Focus on Asia
Indian seed firms are now seeking to build on Monsanto's hype to make a killing out of Indian farmers:
"Even as the debate continues about the benefits and adverse impact of Bt cotton, seed companies in the fray are bullish about the prospects of GM seed crops. The two varieties of Bt cotton seeds currently available have, however, been able to benefit farmers mainly in Gujarat and Maharashtra."
It will be remembered that an expert report for the set up by the Gujarat government under S.K.7 Sangami Joint Director, Agriculture (Oilseeds), to evaluate the performance of Bt cotton in the State concluded it had let farmers down so badly that it was "unfit for cultivation and should be banned in the State".
Indian firms to offer Bt cotton seeds
Indo-Asian News Service
Patancheru (Andhra Pradesh), Oct 12 : Several Indian companies are getting ready to offer farmers the choice of genetically modified (GM) Bt cotton seeds and give competition to US seed major Monsanto, currently the sole provider.
These companies, some of which have taken licence from Monsanto, are in the process of carrying out field trials in India.
"Eighteen companies are reportedly coming into the market under sub-licence from Monsanto plus from other sources in China, Swiss firm Syngenta or independently. At least 15 of the companies are currently conducting field trials," said R.P Sharma, emeritus scientist with the New Delhi-based National Academy of Agricultural Sciences.
"Some of the companies have started large-scale field trials so we can expect the price of Bt cotton seeds to come down in two to three years once the market gets more competition," Sharma told IANS on the sidelines of a three-day workshop being held here at the International Crops Research Institute for the Semi-Arid Tropics (ICRISAT).
The acreage under Bt cotton seeds -- which offer protection against bollworm insects and are expected to substantially reduce use of pesticides -- has risen to 70 million hectares in the two years since India gave approval for commercial cultivation in 2002.
India has the largest acreage under cotton cultivation though China is the largest producer.
Even as the debate continues about the benefits and adverse impact of Bt cotton, seed companies in the fray are bullish about the prospects of GM seed crops.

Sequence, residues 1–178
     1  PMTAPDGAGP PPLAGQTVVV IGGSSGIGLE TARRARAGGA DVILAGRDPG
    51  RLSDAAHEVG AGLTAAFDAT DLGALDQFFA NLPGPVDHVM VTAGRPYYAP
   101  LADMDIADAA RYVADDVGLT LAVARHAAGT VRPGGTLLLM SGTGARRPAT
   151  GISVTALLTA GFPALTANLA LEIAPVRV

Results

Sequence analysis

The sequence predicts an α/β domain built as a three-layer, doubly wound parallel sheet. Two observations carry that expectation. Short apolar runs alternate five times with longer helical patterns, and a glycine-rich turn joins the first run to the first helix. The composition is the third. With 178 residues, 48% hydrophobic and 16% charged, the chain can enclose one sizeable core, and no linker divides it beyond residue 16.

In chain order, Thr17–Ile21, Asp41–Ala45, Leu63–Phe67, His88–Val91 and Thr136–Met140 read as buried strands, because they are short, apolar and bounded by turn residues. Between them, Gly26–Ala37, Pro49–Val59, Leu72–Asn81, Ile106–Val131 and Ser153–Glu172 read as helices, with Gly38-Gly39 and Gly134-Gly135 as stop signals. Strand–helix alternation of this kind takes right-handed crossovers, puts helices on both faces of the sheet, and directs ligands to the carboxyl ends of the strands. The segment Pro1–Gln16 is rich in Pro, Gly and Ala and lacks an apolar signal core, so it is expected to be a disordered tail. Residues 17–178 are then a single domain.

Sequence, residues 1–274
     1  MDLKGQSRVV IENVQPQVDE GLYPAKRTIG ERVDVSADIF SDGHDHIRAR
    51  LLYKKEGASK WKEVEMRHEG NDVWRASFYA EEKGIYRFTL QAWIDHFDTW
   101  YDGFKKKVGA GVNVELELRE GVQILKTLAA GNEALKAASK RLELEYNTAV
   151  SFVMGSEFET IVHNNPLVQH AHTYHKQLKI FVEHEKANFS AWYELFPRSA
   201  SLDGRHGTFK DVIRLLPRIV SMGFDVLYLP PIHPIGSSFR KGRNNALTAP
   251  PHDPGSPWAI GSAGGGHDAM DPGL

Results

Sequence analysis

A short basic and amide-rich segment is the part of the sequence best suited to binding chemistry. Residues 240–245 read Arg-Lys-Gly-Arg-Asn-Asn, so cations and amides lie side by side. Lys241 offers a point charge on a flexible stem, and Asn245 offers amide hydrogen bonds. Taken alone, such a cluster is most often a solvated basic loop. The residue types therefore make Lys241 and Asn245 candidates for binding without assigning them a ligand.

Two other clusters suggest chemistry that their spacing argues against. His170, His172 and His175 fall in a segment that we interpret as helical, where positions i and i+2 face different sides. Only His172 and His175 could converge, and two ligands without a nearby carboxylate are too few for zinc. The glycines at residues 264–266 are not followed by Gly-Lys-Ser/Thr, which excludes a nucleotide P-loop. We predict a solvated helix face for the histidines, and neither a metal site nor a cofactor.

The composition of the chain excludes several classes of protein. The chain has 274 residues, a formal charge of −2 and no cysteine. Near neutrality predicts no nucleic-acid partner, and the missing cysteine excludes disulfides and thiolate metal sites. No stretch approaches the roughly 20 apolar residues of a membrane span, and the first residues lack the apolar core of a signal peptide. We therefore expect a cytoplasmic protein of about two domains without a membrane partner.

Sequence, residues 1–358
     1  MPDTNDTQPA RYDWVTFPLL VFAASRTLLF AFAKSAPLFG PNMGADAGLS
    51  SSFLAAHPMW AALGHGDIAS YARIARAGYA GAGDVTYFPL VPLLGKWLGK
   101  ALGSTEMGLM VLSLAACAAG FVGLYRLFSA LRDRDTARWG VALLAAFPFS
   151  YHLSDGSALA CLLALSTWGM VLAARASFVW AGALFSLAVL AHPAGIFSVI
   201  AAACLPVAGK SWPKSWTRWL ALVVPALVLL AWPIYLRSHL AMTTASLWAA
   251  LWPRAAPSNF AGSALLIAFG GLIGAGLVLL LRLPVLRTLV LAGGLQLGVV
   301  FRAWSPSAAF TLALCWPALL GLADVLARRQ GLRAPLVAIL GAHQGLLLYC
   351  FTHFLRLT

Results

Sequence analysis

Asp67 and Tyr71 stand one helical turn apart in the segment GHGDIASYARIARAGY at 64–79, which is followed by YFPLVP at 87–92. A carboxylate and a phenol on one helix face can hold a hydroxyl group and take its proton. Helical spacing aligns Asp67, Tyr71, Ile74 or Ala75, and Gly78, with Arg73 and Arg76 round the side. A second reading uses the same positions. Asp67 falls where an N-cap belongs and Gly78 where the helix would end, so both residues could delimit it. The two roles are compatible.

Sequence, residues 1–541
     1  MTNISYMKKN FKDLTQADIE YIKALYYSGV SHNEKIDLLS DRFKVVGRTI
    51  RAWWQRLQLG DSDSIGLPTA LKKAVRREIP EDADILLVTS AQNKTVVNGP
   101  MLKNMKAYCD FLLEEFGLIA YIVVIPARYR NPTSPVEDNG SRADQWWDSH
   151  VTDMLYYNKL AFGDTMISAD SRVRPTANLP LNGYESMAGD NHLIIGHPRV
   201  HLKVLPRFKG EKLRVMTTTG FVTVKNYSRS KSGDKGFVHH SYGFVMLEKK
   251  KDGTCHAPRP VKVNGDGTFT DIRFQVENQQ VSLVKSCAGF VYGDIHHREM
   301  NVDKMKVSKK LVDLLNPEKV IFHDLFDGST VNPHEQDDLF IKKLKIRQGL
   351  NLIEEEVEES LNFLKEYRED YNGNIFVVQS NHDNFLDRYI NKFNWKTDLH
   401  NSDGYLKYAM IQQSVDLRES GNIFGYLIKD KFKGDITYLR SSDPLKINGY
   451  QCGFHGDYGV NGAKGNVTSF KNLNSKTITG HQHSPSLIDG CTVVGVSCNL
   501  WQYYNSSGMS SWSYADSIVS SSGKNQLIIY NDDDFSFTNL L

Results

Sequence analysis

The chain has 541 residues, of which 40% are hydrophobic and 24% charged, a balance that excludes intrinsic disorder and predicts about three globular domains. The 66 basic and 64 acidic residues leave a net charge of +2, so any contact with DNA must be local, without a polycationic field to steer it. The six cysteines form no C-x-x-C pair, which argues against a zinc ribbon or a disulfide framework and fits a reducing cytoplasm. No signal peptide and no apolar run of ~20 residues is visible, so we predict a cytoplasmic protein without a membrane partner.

The two varieties of Bt cotton seeds currently available have, however, been able to benefit farmers mainly in Gujarat and Maharashtra. The new entrants are eyeing regions in the north too.
"We are hoping to start initial trials next year and are currently mobilising Bt into a hybrid cotton under sub-licence from Monsanto. We hope to come into the market in three to four years," said Paresh Verma, head of research at Bioseed Research India, a subsidiary of DCM Shriram Consolidated Ltd.
Bioseed is a Rs.15.6 billion turnover company that is keenly looking at growth in transgenic or GM seeds though its major focus is on developing high-yielding and better quality hybrid seeds.
"With the emerging competition, the prices of Bt cotton seeds would become more affordable. Further, the adoption of the new seeds would be much faster with Monsanto having created a demand," said Verma.
"We are looking beyond Gujarat, Maharashtra and Andhra Pradesh to all the other cotton growing regions in the country," said Verma.
Scientists revealed that Monsanto is currently working on another Bt cotton seed that seeks to mobilise the Bt protein Cry1 Ac and Cry2 Ab to create Bollguard-II. The sequel is expected to outperform the original Bollguard Bt cotton.
"With companies like Bioseed having already acquired the licence from Monsanto, they would be able to benefit from the millions of dollars of research being conducted by the US seed major," said Sharma.
--Indo-Asian News Service
Indian firms to offer Bt cotton seeds (12/10/2004)
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